While troubled companies may not be saved by $45 oil, some of the better operators will turn profitable at $50, said Subash Chandra, an analyst with Guggenheim Securities in New York. Companies best able to take advantage will be those with with acreage in North Dakota’s Bakken shale, the Permian in Texas or the Scoop and Stack prospects in Oklahoma.
"If oil is at $50, fortunes turn dramatically," Chandra said. "But the problem is they turn so much that the service companies come in and raise prices and take a share of it, or if production responds so quickly that oil has a hard time staying at $50."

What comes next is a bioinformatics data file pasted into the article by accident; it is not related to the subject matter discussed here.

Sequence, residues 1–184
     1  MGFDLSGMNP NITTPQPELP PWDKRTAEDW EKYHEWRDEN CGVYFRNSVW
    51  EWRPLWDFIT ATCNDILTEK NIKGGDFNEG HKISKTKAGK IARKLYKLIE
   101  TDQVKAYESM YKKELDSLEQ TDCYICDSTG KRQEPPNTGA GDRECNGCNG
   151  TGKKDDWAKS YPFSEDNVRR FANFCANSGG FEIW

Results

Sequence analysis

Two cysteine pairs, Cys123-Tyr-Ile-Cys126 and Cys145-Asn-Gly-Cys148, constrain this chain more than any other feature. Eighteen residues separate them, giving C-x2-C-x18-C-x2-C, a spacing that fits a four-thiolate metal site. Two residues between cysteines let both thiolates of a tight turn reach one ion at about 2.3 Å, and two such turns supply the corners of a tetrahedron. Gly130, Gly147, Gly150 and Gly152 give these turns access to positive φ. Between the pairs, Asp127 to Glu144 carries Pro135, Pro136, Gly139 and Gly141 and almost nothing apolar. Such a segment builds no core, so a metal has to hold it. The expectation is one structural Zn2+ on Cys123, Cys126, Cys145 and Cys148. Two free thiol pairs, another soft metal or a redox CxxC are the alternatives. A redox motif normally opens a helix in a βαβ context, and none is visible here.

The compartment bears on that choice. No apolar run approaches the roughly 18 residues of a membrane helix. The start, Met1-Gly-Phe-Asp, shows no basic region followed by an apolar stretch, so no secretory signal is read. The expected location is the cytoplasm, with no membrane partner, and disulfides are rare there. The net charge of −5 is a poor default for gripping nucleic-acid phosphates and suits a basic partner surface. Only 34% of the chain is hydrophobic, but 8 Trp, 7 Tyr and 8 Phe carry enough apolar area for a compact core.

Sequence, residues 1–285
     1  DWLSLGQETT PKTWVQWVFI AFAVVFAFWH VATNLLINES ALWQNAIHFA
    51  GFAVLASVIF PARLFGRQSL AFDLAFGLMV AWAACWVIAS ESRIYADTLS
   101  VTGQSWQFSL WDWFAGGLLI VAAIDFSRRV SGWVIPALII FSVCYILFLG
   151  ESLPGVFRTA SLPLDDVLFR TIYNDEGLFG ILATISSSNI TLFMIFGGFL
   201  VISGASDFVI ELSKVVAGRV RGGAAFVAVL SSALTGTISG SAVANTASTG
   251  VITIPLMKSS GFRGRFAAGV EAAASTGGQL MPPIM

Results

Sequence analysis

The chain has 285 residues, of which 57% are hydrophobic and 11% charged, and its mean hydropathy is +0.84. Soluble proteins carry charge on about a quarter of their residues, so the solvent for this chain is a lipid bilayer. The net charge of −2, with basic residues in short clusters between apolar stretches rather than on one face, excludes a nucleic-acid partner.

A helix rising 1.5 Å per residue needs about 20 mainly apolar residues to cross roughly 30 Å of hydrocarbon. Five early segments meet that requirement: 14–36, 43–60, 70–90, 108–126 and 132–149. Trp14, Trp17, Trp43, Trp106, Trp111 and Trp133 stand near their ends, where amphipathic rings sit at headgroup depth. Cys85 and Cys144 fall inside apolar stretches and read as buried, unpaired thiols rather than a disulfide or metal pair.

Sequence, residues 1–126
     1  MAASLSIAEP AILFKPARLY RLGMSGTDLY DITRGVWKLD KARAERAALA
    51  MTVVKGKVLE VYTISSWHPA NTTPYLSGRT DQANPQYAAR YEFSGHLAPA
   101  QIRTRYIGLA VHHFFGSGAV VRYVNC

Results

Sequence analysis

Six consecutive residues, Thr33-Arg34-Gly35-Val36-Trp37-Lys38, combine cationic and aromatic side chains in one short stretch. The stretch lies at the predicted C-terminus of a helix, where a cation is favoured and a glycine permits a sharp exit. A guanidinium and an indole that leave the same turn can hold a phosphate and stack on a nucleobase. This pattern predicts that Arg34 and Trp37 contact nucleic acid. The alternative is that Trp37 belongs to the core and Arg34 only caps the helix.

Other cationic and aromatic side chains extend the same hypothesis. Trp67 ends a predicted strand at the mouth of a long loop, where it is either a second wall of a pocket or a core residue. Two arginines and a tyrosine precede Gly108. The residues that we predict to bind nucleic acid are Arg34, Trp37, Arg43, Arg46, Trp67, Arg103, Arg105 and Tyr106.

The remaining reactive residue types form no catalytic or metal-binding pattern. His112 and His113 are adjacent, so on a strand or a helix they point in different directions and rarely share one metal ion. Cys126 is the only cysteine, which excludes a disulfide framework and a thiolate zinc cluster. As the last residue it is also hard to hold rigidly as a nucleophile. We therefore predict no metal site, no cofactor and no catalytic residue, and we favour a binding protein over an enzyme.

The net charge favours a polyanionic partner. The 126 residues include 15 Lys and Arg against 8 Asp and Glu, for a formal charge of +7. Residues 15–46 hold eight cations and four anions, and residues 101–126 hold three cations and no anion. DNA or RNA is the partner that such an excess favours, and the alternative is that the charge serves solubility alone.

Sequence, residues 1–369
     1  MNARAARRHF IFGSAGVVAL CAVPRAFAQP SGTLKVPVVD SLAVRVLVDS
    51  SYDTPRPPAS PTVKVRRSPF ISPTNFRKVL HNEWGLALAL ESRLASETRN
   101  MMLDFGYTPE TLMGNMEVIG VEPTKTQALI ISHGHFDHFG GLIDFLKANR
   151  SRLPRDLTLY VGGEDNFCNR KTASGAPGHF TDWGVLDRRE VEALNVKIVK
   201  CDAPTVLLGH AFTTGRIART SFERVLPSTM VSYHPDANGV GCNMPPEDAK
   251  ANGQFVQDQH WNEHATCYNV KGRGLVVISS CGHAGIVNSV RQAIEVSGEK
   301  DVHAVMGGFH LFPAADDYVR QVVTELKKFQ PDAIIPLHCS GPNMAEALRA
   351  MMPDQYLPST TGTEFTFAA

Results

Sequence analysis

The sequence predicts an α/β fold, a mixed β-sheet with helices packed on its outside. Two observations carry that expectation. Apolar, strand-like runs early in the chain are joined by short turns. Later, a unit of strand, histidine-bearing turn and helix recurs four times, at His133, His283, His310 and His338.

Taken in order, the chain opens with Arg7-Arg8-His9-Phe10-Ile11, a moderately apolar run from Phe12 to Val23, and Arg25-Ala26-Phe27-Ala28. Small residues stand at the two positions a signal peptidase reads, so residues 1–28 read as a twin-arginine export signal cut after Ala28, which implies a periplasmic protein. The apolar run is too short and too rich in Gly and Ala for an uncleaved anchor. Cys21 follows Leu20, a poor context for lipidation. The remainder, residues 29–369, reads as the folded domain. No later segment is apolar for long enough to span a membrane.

While some of the best operators in the most prolific acreage may boast well break-evens of $35 a barrel, that only includes the cost of drilling, said Spencer Cutter, a credit analyst with Bloomberg Intelligence. Expenses like overhead, salaries, taxes and interest expenses easily add another $10 to $15 a barrel, he said.
"The short answer is $45 a barrel doesn’t save anybody," Cutter said. "Anyone who was going bankrupt at $30 is still going bankrupt at $45. You need to see oil sustained at $60 to $65 before you see a real turnaround in profitability for the sector."And so it goes.